I was (and still am) a huge fan of the PlayStation 2, and as such was sitting-on-hands excited about the PS3’s launch (please stop laughing). Sadly no-one I knew was of similar mind – the prophetic bastards – so I solitarily headed into Central London to the Oxford Street GAME store with the aim of being one of the first Europeans to get their grubby mits on the big black box at a midnight launch. I reached the store at 11:30pm, only to find it as barren of people as I’d find it two years later. The store was completely darkened, and there were only fifteen confused people waiting outside. After talking with the people in the queue, who were as sure as I was that the store had announced that it was having a midnight launch, I decided that maybe it was just going to be a low-key event, and that there was no harm in waiting until midnight to find out. We waited until twenty past midnight; clearly the store was not going to open. I considered trying to find another launch event, but disgruntled I instead decided that rather than doubling my journey’s length by having to use the night buses, I would get the last underground train home, albeit sans a PlayStation 3.

That’s not even the funny part. When I went to GAME in the morning I found out that, because of fears of overcrowding and mugging raised by the police, a bunch of stores had decided to not have a midnight launch for the PS3, including said store. Of course they’d failed to put up just one measly sign to inform Joe Public of this. The funny part? I also learned that the only real midnight launch event that had taken place in London had been on the same, long street but at the Virgin store. It gets worse; all the people in the know who had attended Virgin’s midnight launch got free 46-inch HD televisions. Oh, and just to rub salt into my already deep wounds, apparently they all got a free taxi ride home. Bastards.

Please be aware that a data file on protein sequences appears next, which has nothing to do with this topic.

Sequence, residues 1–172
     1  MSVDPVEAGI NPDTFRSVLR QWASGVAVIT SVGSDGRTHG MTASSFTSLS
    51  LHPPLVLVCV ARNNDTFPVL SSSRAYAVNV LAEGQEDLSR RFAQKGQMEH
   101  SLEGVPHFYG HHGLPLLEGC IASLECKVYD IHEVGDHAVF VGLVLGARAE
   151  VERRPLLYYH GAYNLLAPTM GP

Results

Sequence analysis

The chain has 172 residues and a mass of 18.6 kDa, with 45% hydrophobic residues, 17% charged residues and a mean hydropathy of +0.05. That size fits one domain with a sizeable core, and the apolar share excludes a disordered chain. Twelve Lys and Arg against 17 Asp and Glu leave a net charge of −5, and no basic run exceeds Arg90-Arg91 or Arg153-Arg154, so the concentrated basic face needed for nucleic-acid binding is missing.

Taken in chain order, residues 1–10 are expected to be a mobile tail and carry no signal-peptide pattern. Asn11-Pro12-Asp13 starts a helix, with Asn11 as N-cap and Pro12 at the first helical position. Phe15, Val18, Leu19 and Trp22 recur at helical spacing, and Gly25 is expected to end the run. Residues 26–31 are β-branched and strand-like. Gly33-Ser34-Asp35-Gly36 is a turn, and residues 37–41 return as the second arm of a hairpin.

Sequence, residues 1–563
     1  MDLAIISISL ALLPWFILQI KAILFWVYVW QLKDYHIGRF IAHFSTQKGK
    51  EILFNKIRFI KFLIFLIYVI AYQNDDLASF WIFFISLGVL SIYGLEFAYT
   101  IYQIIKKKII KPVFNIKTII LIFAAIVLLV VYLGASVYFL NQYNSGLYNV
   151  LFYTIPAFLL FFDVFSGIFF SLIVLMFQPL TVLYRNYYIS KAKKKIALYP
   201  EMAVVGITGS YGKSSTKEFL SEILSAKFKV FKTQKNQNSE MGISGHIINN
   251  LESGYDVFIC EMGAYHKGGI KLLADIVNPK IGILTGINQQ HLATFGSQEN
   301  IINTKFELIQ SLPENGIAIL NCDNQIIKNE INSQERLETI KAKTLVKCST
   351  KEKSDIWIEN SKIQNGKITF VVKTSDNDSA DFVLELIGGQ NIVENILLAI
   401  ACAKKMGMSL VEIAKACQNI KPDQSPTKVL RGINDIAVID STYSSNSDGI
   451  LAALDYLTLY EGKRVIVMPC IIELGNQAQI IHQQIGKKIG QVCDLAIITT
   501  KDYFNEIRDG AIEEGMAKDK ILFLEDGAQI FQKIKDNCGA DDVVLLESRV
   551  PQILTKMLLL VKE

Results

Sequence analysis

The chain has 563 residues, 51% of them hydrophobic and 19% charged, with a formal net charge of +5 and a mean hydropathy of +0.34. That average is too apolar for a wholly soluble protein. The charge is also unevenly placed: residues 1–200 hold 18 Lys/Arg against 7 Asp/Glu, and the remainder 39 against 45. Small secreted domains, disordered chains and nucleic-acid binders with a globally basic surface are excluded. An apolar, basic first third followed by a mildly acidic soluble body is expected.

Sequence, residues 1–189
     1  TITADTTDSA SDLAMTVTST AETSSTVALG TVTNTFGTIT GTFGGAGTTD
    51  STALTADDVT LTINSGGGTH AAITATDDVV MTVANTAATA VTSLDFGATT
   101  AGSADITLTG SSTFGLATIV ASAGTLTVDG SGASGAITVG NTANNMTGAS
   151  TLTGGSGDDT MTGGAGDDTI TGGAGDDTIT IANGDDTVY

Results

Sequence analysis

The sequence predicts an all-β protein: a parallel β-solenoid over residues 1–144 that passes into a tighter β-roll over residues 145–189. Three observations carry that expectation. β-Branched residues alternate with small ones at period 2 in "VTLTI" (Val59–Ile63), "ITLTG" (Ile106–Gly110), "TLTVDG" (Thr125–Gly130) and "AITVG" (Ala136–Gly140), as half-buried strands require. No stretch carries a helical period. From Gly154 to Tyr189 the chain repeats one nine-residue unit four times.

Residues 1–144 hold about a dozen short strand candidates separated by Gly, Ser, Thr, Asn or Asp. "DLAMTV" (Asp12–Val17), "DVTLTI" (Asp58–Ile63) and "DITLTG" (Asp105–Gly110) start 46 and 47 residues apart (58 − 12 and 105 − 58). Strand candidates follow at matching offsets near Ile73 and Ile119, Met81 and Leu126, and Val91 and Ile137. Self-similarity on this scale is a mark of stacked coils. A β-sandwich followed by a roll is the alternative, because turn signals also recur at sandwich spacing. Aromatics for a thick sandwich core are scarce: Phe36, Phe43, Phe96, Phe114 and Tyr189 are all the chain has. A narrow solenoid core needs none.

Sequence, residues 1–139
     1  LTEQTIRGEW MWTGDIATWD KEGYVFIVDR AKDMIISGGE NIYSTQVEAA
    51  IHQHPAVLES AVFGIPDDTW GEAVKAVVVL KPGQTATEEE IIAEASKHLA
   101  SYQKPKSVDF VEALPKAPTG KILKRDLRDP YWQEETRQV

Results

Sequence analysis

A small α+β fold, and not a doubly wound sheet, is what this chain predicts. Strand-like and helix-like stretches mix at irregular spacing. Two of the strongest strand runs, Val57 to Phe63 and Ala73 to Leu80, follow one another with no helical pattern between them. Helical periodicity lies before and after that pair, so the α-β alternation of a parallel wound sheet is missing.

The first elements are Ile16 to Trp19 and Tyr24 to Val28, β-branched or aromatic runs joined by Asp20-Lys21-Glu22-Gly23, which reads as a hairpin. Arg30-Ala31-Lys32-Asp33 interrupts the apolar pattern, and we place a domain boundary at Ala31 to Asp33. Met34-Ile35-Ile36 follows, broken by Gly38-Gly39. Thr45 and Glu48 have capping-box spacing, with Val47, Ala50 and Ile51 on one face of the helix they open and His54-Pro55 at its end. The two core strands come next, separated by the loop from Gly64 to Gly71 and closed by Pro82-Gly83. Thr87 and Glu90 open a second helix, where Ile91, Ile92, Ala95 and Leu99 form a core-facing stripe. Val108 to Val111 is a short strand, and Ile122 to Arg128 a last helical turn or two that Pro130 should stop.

OK, technically I didn’t attend a launch event in that story, but I definitely made it to the one in my second story, a story that’s no less embarrassing. This event occurred two months earlier on January 16. It was held at the large HMV store that’s five minutes walk from GAME, and it was for The Burning Crusade expansion pack for the flagship MMORPG World of Warcraft. Now, before I explain what happened, allow me to divulge my situation with the game: I’d only been playing WoW for a few months, but I was enjoying it. I worked in Central London at the time, quite near where the event was occurring, so I decided that I may as well pop by and pick up a copy of the game and some goodies if I was so lucky. Dear reader, this was my first mistake.